Via Radio Vice Online and Newsbusters, a seminal moment in American politics from George Will. Will and Robert Reich debated health-care reform yesterday on ABC’s This Week, and Will punctured two of Reich’s arguments. First, he refuted the idea of windfall profits at health insurers, whose margins typically range from 2% -6%, depending on the year. (Computer manufacturers have 20% margins by comparison.) But Will scores an even bigger point when he reduces Reich’s retort to its basic premise — that Americans are just too stupid to act on their own:
ROBERT REICH, AMERICAN PROSPECT: The health insurers are not, George, you said they’re popular and everybody likes their health insurer. They like their doctor. They hate their health insurer. And health insurance is going up in terms of rates 20, 30, 40, 50 percent in many states. In fact, Goldman Sachs just this past week has said to its many of its investors, “Invest in some insurance companies because they don’t have competition, and they have, are exhibiting huge profits.” That is money directly out of the pockets of Americans.
GEORGE WILL, ABC: A, you say they have huge profits. As you know, confiscate all the profits of all the health insurance companies, with those profits you could finance our healthcare for 48 hours. What you do for the next 363 days I don’t know. Second, you say there’s not enough competition? Fine, let them compete in a national market across state lines.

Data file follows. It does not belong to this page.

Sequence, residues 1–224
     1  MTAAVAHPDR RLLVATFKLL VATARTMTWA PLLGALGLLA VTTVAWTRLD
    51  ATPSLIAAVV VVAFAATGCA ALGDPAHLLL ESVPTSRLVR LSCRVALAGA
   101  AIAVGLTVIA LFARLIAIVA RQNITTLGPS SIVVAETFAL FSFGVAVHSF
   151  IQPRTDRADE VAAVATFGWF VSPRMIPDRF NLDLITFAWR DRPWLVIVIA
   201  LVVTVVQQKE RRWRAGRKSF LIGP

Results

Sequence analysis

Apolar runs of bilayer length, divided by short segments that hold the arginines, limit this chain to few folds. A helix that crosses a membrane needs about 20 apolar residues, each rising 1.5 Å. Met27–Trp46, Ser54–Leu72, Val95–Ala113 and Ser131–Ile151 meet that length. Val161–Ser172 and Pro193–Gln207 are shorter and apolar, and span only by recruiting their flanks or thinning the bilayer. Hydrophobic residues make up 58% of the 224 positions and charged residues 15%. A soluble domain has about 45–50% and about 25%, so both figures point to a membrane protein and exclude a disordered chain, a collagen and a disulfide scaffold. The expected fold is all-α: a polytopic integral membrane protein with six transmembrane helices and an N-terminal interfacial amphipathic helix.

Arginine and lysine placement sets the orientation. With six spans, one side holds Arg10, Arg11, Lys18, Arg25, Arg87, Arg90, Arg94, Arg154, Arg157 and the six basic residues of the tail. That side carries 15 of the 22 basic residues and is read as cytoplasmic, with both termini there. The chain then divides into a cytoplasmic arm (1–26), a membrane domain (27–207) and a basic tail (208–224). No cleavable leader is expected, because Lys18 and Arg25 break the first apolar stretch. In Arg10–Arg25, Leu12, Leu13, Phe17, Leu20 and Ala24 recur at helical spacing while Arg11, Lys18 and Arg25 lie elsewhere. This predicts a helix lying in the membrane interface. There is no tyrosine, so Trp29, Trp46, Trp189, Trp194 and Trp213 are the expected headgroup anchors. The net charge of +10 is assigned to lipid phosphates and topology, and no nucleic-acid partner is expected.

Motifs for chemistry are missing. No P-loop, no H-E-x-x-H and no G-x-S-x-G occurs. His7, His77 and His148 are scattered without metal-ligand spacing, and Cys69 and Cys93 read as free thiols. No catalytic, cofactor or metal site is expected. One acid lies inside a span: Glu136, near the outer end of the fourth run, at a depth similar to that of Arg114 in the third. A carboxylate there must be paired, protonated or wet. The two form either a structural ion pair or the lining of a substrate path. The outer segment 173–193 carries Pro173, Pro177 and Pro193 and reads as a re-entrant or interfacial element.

REICH: Yes, let them compete across state lines, fine. But not a race to the bottom. Set minimum federal standards because we’ve seen over and over again that the recipients of health insurance don’t know what they are buying very often. Until there are common standards, minimal standards, then people are going to be taken. And that is what’s happened over and over again.
WILL: There you have the premise of this legislation and the core of today’s liberalism: the American people are such dopes they can’t be counted upon to buy their own insurance.
This ObamaCare exercise relies on the notion that people can’t choose for themselves, and Reich gives the game away in this exchange. In fact, that assumption about individuals undergirds the entire progressive Left agenda. Statism proposes that a small, select group of elites make all of our decisions for us, because we’re mostly incapable of acting in our own best interests or even recognizing what they are. Instead, power gets shifted to the federal government in order to put the smart folks in charge of our lives … the “smart folks” being those who decided we were not smart enough to run them ourselves in the first place.
Every state has insurance regulation, and not just in health care. As Will points out, that hasn’t kept insurers from competing across state lines in auto and home insurance, and the competition helps drive costs down and make insurers more responsive. The only reason this hasn’t happened in health insurance is because of Congress.
Unfortunately, our health-insurance policy is being set by a man so smart that he couldn’t figure out the difference between liability and collision insurance for his car just after graduating from Harvard Law School. Given that precedent, I’d rather bet on the American people being smart enough to know better than the elites who propose this power grab.